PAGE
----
A Page To Tell by Louis Cross

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From the first few notes on the latest album by Louis Cross, you could tell he has so much more than “A Page To Tell” to his listener. The 5 track EP is called “A Page to Tell” and deals with Louis’s self-discovery journey and his experience with disability. The first track, “Better Light”, is fast-paced and sets the stage for what is about to come. The track is brief and impactful and doesn’t deviate away from its main guitar riff and vocal melody. The second track, “Picture Frame”, is my favourite track on the album and I’m sure it will be found by many to be the best offering on this EP. The song’s length is adequate, its lyrics are heartfelt and it is stuffed with details like backing vocals and a drum pattern that builds up into something heavier. The piano that plays here adds a very subtle emotional quality to the sound of this track, as it is heard loud and clear during the verses as if it’s a Beatles song. Up to this point, you could see that Louis is not trying to limit himself to one genre or style and go by it, he just writes what he feels. ” I Don’t Know” is the most Folk-ish sounding track on the record, and is a very sketchy offering. 

 

The style with which Louis enunciates his chest notes slowly and with some nasality will remind many listeners of the great Johnny Cash, except this is what Johnny Cash would sound like if he collaborated with Elton John. The fourth track, “We Are All The Same”, is the one song in here that’s bound to be a mainstream pop hit, and this is not to say that it’s poppy or simpler than the rest of the tracks in any way. On the contrary, it has some nice violin melodies and a catchy chorus that make it stick into the listener’s ear much easier than the rest of the EP. The lyrics are inspiring people to come together and forget their differences while the music is a collaborative effort between many different instruments that form the melodies. “Life Can Tell You Down” begins with an emotional violin line which is followed by vocals that follow the same exact melody, and I just love it when songwriters do that. This is another track that sounds very modern and can fit in a modern music record if it was written by the likes of Ed Sheeran or John Mayer.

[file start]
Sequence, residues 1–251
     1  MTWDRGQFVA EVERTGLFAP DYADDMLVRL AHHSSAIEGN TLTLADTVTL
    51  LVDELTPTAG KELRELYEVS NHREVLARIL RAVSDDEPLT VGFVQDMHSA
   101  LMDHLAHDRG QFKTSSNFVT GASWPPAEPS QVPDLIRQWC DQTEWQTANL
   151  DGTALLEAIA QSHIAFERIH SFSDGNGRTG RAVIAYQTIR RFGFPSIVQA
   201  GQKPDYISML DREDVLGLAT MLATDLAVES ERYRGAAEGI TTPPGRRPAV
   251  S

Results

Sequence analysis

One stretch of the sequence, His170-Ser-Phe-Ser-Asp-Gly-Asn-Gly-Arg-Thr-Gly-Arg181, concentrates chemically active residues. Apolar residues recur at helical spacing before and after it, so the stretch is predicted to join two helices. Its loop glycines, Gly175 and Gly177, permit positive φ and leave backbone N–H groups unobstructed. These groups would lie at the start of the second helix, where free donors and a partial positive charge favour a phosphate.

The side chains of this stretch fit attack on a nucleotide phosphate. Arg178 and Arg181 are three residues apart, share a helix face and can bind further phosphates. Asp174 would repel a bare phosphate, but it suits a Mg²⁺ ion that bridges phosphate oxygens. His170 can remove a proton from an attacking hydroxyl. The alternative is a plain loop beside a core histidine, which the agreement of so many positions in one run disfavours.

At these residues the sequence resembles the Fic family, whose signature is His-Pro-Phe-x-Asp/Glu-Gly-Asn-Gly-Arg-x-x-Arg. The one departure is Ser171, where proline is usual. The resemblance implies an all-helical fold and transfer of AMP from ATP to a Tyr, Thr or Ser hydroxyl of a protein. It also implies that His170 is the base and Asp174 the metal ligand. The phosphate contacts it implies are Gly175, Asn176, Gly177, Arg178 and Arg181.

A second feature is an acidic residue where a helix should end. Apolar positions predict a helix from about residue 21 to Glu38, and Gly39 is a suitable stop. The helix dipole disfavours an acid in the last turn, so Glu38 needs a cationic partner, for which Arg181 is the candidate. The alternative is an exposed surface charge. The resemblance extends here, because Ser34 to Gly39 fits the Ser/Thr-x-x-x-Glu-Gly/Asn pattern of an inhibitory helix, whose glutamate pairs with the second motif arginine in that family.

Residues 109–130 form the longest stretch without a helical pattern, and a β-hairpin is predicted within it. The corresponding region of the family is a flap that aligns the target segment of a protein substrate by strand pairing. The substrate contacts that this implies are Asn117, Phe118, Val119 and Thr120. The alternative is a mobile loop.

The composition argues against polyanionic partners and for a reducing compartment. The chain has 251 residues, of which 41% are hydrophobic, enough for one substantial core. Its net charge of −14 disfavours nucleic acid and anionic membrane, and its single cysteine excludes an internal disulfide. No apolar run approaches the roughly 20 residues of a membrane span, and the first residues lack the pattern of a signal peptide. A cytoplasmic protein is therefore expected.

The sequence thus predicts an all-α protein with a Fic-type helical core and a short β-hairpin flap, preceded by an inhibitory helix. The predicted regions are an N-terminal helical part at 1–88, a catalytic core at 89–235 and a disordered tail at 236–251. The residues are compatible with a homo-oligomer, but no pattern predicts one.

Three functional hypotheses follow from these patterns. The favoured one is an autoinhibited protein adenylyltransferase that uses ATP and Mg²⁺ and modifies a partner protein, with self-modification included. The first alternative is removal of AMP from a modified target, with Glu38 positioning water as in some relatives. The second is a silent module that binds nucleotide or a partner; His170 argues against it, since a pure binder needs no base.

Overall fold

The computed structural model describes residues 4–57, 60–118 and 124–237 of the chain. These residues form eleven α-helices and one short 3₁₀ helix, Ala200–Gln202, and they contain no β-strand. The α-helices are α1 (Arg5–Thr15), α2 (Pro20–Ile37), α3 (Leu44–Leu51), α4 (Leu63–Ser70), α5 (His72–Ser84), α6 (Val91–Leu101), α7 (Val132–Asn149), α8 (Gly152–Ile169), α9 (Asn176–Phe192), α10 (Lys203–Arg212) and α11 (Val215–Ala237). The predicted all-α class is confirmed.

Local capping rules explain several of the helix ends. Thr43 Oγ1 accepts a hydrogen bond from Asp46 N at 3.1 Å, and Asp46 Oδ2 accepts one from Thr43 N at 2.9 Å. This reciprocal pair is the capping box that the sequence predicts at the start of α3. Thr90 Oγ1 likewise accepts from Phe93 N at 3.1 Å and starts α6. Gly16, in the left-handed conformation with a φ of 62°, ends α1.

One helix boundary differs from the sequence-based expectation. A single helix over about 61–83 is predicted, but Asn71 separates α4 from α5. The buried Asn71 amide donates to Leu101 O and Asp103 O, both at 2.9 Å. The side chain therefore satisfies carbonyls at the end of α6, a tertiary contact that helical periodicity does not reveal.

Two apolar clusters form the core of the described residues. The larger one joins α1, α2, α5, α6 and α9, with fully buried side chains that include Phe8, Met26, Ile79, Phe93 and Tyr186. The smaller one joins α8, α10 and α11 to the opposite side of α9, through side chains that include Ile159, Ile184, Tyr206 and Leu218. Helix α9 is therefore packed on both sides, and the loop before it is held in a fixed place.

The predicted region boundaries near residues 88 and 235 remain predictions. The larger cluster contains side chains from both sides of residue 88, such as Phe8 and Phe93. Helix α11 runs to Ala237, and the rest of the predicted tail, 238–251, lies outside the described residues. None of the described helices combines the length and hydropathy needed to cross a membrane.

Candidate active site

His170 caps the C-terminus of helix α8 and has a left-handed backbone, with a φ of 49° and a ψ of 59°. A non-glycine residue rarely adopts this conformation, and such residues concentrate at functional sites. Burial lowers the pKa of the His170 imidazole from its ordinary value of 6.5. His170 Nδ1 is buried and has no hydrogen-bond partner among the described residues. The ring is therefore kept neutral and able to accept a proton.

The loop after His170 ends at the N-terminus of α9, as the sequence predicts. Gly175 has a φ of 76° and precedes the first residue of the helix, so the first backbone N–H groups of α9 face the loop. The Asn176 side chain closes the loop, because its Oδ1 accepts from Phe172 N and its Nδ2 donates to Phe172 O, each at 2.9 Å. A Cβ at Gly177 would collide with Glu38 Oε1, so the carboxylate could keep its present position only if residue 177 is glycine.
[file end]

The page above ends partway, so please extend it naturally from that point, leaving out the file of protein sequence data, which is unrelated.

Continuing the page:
Let’s hope we see Louis and his music as famous as said artists one day, cause his material definitely deserves the same level of recognition and mainstream play. The sixth and final track, “A Page To Tell”, feels like Louis is pouring his heart out and trying to find his sound. Certain lyrics in here shattered my heart the moment I heard them too, such as “I remember each fall as it began”. But other lyrics are super uplifting, such as the chorus with its amazing and empowering violin and guitar melodies. The angelic way Louis cries out “I’m A Page To Tell” transcends his feelings so well while sticking to the same musical blend and style that he created. In conclusion, it’s safe to say that Manchester-born singer-songwriter Louis Cross is bound for stardom and mainstream success. I can even go as far as saying that he will be one of the greatest voices of his time. The only setback with this EP is its play-it-safe production that compromises experimentation for the sake of rawness and familiarity. And while I understand that this could be the better choice for an early point in his career, I wish to hear a more polished production in his future endeavors because he sounds like he has a ton of potential to him that still hasn’t revealed itself

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